SAN FRANCISCO (AP) _ The state Supreme Court has declined to review a ruling allowing police to seize vehicles suspected of use in crimes such as drug dealing or soliciting a prostitute.

Without comment, a majority of justices Wednesday decided not to hear the American Civil Liberties Union's challenge to Oakland's 1997 vehicle seizure law.

Under the law, a car can be confiscated even if the crime suspect using the vehicle is acquitted, or the car's owner was unaware of the crime. The measure exceeds state and federal standards.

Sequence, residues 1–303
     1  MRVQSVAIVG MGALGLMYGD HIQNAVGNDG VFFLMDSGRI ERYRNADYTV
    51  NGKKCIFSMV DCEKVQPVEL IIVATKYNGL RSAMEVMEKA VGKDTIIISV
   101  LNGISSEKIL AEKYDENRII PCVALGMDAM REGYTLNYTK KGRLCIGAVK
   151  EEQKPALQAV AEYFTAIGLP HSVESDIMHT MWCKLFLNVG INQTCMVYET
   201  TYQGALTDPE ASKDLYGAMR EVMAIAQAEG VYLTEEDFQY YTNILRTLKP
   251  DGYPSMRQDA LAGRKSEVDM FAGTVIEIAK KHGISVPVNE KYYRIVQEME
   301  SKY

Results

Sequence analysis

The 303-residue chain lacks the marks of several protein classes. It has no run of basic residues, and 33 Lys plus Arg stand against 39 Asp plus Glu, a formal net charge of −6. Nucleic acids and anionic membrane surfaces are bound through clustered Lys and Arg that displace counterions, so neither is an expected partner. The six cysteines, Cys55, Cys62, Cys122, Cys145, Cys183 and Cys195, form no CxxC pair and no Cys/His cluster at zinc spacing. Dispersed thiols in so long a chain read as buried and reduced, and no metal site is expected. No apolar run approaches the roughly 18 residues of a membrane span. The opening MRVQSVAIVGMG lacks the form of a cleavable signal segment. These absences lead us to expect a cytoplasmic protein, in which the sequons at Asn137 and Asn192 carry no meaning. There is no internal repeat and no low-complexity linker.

The ACLU argued that cities looking to profit from seizures would enact similar measures.

So far, Sacramento has put a comparable law on its books but San Francisco lawmakers shelved the idea last month, concluding it was unconstitutional.

Since passing the ``nuisance abatement'' act, Oakland has collected, sold and kept the profits from 300 cars.

The impetus ``was really complaints from certain communities which were essentially drive-thru sex-and-drug bazaars. People were sick of having lines of cars in their streets with this activity going on,'' said Oakland Deputy City Attorney Pelayo Llamas.